It sure seems like the Cronenberg family can do Sci-Fi body horror pretty well. Brandon Cronenberg returns with this third feature film in Infinity Pool. It’s set at an upscale resort with some warped sense of horror and dread. The title gives some clues to what the film ultimately is about, but with a cast featuring Mia Goth and Alexander Skarsgard, this film ends up being more accessible than his last movie, Possessor. This film pushes the boundary of the R-rating with violence, and sexual content, and if they could rate a feeling of dread in a film, this would surely get the highest marks.

The movie follows James Foster (Alexander Skarsgard) and his wife Em (Cleopatra Coleman) as they visit the all-inclusive resort in Li Tolqa. The main reason they’re on vacation is to clear up an extended bout of writer’s block. It turns out the resort is stuck in the middle of a country that’s very unfriendly to tourists. As James does almost everything except clear the writer’s block, they meet a new couple, Gabi (Mia Goth) and Alban (Jalil Lespert). Gabi is a massive fan of James’s novel.

They entice James and Em on a trip past the secure walls of the resort. The four of them drink and stay out way too late when a tragic accident happens. James is blamed for the death and faces unusual punishment by the authorities. But there’s a loophole. You can pay an excessive amount of money to have a body double made of you, and that double is executed.

From the get-go, Infinity Pool takes a satirical, dark-humor vibe to the proceedings. The resort and the characters lampoon the life of the mega-rich. The whole premise of the film hammers home how well-off people face little to no consequences for their actions, and those consequences don’t actually affect them in any way.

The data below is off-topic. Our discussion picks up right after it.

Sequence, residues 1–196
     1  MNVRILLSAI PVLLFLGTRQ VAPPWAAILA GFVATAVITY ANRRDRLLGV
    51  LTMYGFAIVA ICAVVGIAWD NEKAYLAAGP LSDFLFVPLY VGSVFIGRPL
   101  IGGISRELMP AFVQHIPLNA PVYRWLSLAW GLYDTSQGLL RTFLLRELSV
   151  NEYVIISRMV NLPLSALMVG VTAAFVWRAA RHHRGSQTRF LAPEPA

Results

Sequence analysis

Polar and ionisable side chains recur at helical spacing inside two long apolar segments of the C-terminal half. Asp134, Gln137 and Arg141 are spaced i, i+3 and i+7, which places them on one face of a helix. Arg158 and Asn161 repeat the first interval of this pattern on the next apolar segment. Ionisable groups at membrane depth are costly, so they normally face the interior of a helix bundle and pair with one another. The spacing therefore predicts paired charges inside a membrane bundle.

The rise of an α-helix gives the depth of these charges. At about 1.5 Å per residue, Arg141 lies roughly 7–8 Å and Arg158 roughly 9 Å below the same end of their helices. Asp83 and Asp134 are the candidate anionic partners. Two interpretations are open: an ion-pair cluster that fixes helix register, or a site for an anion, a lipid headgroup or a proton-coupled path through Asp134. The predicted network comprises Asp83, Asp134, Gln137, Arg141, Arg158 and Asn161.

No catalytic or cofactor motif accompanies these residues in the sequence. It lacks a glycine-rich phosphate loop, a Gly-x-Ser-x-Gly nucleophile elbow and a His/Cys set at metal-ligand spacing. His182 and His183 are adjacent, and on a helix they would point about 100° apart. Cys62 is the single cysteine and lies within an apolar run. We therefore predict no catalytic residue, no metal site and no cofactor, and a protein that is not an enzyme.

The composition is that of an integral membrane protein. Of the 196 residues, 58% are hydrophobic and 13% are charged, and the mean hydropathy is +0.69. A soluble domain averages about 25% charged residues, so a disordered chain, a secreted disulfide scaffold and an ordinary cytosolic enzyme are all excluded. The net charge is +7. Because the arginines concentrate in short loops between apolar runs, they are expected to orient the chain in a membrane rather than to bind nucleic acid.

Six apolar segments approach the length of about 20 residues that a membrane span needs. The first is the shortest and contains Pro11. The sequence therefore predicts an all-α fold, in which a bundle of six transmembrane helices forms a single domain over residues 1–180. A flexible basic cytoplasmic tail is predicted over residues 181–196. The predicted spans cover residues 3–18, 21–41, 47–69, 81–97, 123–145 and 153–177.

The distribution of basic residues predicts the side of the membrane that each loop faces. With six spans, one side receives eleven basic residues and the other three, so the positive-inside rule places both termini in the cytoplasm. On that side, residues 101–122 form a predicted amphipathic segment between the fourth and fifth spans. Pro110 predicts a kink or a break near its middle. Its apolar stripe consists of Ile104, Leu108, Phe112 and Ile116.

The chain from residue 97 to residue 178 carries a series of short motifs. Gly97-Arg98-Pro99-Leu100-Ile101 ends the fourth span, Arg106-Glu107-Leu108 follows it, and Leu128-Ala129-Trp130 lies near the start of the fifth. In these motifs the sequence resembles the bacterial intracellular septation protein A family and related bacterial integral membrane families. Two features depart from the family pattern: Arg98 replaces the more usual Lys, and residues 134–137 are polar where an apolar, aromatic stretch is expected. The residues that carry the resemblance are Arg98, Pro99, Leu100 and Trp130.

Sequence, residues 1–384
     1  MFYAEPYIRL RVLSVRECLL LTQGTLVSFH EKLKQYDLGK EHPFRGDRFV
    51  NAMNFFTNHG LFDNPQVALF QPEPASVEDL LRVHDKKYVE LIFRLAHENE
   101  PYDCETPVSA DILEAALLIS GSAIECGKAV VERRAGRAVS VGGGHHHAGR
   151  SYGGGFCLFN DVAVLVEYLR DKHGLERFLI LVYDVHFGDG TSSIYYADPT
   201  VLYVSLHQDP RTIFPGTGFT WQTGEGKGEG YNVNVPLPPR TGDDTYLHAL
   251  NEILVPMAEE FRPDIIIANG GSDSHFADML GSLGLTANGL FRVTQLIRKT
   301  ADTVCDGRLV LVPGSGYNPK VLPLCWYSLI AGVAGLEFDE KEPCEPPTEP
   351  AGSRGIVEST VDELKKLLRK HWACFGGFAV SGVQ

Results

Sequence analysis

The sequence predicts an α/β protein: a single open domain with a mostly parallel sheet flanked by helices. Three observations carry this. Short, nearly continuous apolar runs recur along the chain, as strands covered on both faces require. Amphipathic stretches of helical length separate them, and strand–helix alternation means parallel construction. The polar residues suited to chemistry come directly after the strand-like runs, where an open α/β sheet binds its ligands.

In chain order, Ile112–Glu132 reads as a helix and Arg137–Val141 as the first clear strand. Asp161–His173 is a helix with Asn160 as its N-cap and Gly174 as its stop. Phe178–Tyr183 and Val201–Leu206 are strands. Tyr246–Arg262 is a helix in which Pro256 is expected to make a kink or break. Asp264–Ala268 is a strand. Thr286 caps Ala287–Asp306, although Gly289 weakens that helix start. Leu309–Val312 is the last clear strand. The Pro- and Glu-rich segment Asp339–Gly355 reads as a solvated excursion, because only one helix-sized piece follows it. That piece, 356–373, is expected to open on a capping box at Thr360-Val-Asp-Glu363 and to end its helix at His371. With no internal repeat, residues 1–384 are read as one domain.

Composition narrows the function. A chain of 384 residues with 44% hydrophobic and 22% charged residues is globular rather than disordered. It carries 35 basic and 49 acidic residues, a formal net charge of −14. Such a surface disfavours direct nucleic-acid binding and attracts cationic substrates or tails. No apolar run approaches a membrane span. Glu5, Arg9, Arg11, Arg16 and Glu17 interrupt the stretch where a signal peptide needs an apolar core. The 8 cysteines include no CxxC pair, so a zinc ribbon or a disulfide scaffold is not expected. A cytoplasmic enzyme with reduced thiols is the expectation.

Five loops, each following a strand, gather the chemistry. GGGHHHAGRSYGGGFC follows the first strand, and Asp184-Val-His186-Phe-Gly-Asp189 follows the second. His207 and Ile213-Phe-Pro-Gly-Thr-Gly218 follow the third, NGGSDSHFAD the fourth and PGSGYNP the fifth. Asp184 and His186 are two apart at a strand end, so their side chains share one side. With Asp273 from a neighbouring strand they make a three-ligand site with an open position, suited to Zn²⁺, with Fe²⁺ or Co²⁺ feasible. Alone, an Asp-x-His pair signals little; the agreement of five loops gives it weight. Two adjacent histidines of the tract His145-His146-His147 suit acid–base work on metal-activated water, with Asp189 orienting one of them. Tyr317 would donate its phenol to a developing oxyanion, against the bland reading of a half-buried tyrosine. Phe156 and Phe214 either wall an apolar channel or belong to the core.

Infinity Pool borrows an almost film-noir set of tropes but adds in-body horror and science-fiction elements to that formula. Gabi is the femme fatale who ensnares James, appealing to everything in his ego and vanity. She provides risk and excitement that his wife does not. She’s also a fan of his work, whereas his wife, Em, is losing her patience with his writing. You’d think the tensest part of the film would be an encounter with the local authorities, but no, that’s only where Infinity Pool begins. The name is apt, as it repeats a cycle, an endless flushing of the “lives” of whatever crimes the rich socialites have committed. James slowly loses his sense of self, privilege, and ego.

It’s not just with murder and violence where Infinity Pool reaches the boundaries of the R-rating, though. There are trippy scenes of drug-fueled orgies where bodies are seemingly deformed and mangled. There’s nothing sexy about this process that’s reminiscent of something out of From Beyond or Society.

As it continues, the movie loses more and more sense of what we came here for, just like James. You’re left with a soulless husk that’s been twisted, broken, beaten, scarred, and mangled by Infinity Pool. Skarsgard shows why he’s one of the best actors in the business today, switching from primal rage (just like his excellent turn in The Northman) to sensitivity on a dime. It’s a layered performance that makes you feel for him, hate him, and then feel for him once again. It really helps that Mia Goth emasculates and manipulates him in such a scene-stealing way. It’s not just sex and violence for Gabi, though. Her glee shines through and showcases how funny Goth can be, while still remaining dangerous.

These two combine for a hell of a pairing that shows off just what Infinity Pool is about. It’s shocking, and funny, but goes even deeper than just some commentary on the rich destroying everything. There are comments on Cronenberg’s own life here, how his films have been received, and how anyone’s art is received by critics.

Cronenberg’s style shines through here, once again rising above the family name and becoming his own filmmaker. Infinity Pool might be his most accessible to major audiences, but it’s still a disgusting, vile, and reprehensible tale of riches, debauchery, and body horror. Which means fans of his will love it.

Infinity Pool releases in theaters on January 27th, 2023.

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